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LISTEN: U.S. Supreme Court Oral Arguments

The United States Supreme Court is slated to hear oral arguments in five sessions from Monday, November 2 to Tuesday, November 10. You can listen to the live arguments here.

RELATED: Everything You Need to Know About Justice Barrett’s First Case at the Supreme Court

Court is scheduled to convene each day at 10 a.m. ET.

Monday, November 2.

  • United States Fish and Wildlife Service v. Sierra Club: This case looks at the extent of exemption 5 of the Freedom of Information Act, namely whether the exemption prevents the required disclosure of “a federal agency’s draft documents that were prepared as part of a formal interagency consultation process under Section 7 of the Endangered Species Act of 1973, 16 U.S.C. 1536, and that concerned a proposed agency action that was later modified in the consultation process.” (Update: Listen to oral arguments here.)
  • Salinas v. United States Railroad Retirement Board: Manfredo Salinas seeks disability benefits for injuries sustained his work for Union Pacific Railroad. He needed two spinal fusion surgeries, and reported suffering pain and anxiety. According to documents, the board denied his applications for disability, saying his injuries were not bad enough to prevent work, but his health challenges continued for years, even after he left the Union Pacific Railroad in 1994. Now he asks the Supreme Court to determine whether the law allows judicial review of the board’s denial of a request to reopen a previous benefits determination. (Update: Listen to oral arguments here.)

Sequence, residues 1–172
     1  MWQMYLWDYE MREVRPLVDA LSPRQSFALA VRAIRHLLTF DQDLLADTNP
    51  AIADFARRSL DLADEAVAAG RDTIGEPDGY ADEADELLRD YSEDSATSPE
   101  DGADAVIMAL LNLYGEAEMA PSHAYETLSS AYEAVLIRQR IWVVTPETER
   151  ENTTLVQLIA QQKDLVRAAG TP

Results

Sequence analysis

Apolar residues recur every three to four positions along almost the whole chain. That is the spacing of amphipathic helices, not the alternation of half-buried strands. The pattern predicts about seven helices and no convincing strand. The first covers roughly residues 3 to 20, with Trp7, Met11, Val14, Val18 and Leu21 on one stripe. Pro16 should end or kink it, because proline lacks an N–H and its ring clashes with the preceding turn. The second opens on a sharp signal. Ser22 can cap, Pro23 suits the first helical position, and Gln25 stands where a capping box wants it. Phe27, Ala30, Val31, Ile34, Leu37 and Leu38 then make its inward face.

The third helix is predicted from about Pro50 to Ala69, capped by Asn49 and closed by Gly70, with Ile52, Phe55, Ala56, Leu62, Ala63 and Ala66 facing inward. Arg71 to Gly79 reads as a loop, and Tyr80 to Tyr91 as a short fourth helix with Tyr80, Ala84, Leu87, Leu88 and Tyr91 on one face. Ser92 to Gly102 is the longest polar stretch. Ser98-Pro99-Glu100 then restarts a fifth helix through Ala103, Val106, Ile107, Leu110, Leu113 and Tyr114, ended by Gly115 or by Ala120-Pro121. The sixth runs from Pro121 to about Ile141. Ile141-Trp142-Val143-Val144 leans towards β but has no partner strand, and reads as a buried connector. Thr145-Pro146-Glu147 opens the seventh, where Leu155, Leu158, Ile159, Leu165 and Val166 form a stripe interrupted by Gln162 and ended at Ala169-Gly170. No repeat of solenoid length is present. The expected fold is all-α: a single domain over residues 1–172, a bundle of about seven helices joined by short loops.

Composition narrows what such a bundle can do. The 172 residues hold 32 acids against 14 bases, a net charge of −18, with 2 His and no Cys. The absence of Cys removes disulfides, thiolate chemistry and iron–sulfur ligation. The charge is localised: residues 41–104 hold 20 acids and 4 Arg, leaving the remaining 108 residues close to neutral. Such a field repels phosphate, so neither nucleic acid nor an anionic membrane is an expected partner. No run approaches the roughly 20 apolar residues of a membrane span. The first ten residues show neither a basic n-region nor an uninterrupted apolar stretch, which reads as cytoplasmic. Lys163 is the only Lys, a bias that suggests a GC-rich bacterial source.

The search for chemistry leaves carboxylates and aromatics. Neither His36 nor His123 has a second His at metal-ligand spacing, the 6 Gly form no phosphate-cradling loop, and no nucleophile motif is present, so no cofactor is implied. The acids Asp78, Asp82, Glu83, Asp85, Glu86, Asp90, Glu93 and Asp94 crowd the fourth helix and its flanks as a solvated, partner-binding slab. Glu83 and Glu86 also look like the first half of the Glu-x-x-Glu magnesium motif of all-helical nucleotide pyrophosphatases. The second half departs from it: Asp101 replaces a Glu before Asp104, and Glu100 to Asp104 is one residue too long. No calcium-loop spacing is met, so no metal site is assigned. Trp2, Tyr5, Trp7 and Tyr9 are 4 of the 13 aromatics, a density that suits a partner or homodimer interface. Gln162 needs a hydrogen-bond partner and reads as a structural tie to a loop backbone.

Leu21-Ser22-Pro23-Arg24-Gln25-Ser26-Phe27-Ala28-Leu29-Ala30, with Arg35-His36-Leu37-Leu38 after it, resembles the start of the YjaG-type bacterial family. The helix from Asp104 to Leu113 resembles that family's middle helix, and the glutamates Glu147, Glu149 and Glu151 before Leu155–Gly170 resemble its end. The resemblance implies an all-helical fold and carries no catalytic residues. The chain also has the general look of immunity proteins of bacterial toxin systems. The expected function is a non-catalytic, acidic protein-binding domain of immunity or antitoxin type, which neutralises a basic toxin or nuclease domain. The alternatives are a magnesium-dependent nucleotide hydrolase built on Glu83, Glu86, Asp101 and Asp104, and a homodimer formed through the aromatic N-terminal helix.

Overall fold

Tuesday, November 3.

  • Jones v. Mississippi: How many steps must a court take before determining if a juvenile should get a life sentence without parole? That is an open question Mississippi, where Brett Jones was convicted for murdering his grandfather Bertis Jones during an argument about the defendant’s girlfriend. He was 15 when the crime happened in 2004, and he was described being from a troubled background, marked by alleged abuse by his father and mental illness. Testimony from a corrections officer showed that Jones sought mental health treatment while in prison, and only had “one significant disciplinary incident” in more than decade behind bars. But Mississippi courts upheld his sentence for life without the possibility of parole, and did not accept or otherwise consider his age or ability to rehabilitate. Now he asks the U.S. Supreme Court whether a court must find a juvenile defendant “permanently incorrigible” before handing down life without parole. (Update: Listen to oral arguments here.)
  • Borden v. United States: How long will Charles Borden stay in prison for a federal charge of being a felon in possession of a firearm? He is asking the U.S. Supreme Court to review whether the Armed Career Criminals Act (which pertains to certain repeat offenders) cover crimes that had a mens rea of “mere recklessness.” Also, Borden wants to court to review if he was over-sentenced under law. (Update: Listen to oral arguments here.)

Wednesday, November 4.